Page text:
Anyway, the developmental specialists said of her son, not that "His autism was caused by milk, and you cured him," but rather "We diagnosed him incorrectly; his symptoms looked like autism, but it turned out he had some unusual manifestation of a casein allergy that caused neurological symptoms. He is not autistic, and never was."

That last bit is really important. Any child who is "miraculously" cured, which is to say, becomes completely neurotypical, with no residua, as the result of a single-factor treatment, like chelation, or nicotine patches, or Lupron, or a casein-free, gluten-free diet, was probably misdiagnosed.

I can't say what they did have, but I don't have to. The problem with presenting an idea like that to anti-vaxers is, that unless you can answer every tangential question they bring up, they think you must be wrong. But who knows what a small subset of children diagnosed as autistic might actually have? it may be a disorder that is so rare, it doesn't have a name. When we learn more about autism, and have begun to separate it into types, so that we can predict things (example I'm making up of something that could happen), like that kids who play with toys normally (the way the manufacturers intended) are the ones likely to become hyperlexic, or the ones with obsessive behaviors very early in childhood are likely to eventually develop useful speech, but it doesn't appear until the age of seven or eight.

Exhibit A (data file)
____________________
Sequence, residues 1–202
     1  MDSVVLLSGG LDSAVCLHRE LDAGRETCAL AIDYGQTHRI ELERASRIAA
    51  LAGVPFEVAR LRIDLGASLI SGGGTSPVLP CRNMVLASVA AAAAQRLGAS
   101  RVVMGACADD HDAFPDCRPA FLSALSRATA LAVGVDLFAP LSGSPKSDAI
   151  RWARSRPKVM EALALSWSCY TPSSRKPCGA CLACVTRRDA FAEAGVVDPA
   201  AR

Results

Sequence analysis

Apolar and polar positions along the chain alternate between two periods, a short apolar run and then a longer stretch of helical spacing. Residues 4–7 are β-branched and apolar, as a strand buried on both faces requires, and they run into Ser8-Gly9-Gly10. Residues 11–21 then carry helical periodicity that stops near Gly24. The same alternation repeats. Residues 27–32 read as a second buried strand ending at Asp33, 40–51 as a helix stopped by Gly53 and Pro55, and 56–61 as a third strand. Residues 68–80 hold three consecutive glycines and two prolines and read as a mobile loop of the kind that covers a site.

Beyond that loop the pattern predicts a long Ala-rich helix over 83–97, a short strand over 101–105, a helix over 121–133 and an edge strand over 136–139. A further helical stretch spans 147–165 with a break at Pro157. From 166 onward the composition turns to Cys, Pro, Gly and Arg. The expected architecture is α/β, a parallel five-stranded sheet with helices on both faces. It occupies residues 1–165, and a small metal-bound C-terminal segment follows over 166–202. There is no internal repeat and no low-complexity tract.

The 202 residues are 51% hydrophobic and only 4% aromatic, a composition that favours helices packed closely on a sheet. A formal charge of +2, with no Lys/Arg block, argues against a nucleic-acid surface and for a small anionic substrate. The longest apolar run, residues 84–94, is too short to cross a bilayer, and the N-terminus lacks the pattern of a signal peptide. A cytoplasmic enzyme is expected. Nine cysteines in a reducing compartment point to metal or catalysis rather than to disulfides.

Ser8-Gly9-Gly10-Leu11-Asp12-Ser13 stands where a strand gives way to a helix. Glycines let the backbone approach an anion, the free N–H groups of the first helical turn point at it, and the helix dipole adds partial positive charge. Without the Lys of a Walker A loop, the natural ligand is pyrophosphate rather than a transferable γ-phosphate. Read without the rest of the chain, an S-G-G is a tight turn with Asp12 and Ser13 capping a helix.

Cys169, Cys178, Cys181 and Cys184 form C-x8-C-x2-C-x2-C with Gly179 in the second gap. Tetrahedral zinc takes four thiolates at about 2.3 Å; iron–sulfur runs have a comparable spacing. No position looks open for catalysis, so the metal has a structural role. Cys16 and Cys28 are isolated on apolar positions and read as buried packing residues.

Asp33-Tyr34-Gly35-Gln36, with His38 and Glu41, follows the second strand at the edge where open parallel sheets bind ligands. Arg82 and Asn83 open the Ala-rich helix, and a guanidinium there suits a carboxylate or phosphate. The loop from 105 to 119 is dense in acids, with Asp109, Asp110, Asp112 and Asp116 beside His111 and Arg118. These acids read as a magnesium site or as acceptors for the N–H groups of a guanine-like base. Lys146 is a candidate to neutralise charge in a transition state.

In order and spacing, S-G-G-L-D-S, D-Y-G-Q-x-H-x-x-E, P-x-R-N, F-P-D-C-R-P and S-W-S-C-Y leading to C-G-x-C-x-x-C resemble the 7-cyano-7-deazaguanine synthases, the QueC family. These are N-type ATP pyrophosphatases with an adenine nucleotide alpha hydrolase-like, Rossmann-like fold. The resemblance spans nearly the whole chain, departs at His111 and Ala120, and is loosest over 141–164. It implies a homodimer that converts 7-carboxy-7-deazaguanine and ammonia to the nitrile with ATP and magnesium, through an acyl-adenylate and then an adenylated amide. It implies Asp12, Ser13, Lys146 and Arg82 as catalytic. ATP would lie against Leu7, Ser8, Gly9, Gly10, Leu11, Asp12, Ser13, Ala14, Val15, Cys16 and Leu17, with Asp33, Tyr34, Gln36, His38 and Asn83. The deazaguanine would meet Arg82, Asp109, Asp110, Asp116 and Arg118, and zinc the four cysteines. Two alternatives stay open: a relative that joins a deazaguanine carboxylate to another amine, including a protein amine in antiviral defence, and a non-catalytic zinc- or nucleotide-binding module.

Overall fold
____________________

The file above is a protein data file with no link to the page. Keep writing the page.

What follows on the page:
When we have data like that, then it become clearer that there are some kids who have autistic like behaviors, but aren't really, and even what specific kinds ov interventions, like a special diet, might help those kids.